A bicycle trip is often described as a type 2 fun activity. You first make an effort, afterwards you can look back and that effort is more than worth it, you have fun. The first week in Iceland, the lack of sleep piles up and we are confronted more than we would like with gusts of wind that are too strong to cycle safely... the fun disappears. Automatically, the question arises, "What are we doing and why?" Doubts and negative thoughts take over and we realize we have no choice but to allow them. Over time, we realize that it's totally okay to feel this way and it makes us grow a bit again, getting to know ourselves and each other better. These fears and doubts turn into a powerful feeling, the realization that we should be incredibly lucky to have this experience and let's face it, Iceland presents the most impressive landscapes you will ever encounter.

Just when our mindset is full of positivity

It's the end of June and our mindset has shifted, positively that is. We are braving the Icelandic rain, pausing when the wind forces us to (just a few days without gusts, juijj!!) and enjoying the views. We feel like nothing can stop us and encounter many highlights. The Ice Lagoon, Diamond Beach, the views of the country's largest volcano Vatnajökull we can admire from our bikes. We are proud that we persevere and that we not only see this country but experience it to the bone. We wild camp (as cyclists or hikers this is allowed if the campgrounds are too far apart) on the most beautiful spots and are eager to experience Iceland for the last two weeks. Until Niels' bike thinks differently about this...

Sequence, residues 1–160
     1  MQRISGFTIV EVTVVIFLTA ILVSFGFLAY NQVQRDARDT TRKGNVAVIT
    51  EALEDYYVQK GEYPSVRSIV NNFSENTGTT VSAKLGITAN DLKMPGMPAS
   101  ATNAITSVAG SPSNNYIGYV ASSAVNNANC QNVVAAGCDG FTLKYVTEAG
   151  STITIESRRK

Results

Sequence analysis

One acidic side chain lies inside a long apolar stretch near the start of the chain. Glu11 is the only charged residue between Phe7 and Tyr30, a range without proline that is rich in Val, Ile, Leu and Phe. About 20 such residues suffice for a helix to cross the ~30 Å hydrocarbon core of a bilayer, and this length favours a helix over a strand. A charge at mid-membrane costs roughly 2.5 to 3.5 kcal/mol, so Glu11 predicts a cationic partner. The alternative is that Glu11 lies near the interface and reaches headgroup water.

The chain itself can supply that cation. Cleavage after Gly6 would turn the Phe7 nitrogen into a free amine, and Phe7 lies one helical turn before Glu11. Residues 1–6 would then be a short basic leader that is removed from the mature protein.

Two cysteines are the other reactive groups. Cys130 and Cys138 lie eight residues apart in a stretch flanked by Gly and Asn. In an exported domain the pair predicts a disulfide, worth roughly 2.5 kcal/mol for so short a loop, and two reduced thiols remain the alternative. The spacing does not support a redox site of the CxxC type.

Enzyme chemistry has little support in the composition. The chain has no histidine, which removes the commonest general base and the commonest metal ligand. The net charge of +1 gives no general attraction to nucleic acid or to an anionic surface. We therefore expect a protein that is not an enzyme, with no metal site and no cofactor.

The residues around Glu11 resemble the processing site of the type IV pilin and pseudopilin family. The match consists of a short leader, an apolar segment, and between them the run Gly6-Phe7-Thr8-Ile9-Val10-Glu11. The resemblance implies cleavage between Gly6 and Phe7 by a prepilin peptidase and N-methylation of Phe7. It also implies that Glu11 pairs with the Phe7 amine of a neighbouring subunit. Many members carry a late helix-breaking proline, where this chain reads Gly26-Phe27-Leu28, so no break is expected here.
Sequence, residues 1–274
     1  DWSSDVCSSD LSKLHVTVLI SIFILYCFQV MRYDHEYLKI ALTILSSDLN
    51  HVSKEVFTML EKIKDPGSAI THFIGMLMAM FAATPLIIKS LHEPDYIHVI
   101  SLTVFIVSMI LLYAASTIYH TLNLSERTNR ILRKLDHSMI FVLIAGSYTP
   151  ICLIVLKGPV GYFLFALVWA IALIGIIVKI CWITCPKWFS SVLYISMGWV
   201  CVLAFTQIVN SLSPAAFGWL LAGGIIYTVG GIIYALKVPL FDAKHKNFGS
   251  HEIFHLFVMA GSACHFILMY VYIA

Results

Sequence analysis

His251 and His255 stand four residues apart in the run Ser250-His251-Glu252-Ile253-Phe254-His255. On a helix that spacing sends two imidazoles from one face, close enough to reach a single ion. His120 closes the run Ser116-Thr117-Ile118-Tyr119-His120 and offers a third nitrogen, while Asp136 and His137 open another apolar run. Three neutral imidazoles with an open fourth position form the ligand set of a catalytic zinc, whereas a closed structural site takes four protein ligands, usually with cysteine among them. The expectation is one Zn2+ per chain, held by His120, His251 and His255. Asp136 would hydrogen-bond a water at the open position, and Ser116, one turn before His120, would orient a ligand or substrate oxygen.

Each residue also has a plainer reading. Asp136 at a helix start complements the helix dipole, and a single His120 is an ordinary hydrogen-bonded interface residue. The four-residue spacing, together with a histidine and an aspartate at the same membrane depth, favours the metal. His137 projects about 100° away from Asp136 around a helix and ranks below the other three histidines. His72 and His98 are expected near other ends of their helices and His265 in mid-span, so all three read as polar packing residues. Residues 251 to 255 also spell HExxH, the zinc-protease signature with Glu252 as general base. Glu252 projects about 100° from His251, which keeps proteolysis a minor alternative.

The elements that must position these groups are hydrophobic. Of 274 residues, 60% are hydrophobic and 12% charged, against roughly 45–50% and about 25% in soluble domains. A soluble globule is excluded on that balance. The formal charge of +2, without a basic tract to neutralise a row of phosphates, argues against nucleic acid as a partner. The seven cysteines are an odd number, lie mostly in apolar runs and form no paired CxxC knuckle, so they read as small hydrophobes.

About 11km before Kirkjubaejarklaustur (try saying that after three beers) his chain suddenly breaks, an easy fix and soon we are jumping back on the bike. Everything seems to be fine, or not? Shifting gears doesn't go smoothly anymore, there's some kind of blow in his crankset and after a thorough inspection we can't identify the problem ourselves. A local advises us to go to "bike farm", but when Niels jumps back on his bike we hear a loud crack. The sound that means the end of our cycling trip in Iceland. Set screw broken, derailleur broken. Travelling 400 km on a single speed is a no-go, finding a new derailleur is an impossible task where we are.


We are cursing and our minds changes thoughts every minute. "Do we head to Canada sooner or do we still make the best of Iceland?", we can't make a decision and once again drive ourselves crazy. The bikes make it harder to move around, because we have to take them with us every time. We finally decide to be grateful to be here and make the most of this beautiful country. And a good decision this turns out to be!

(Hitch)hiking we steadily move forward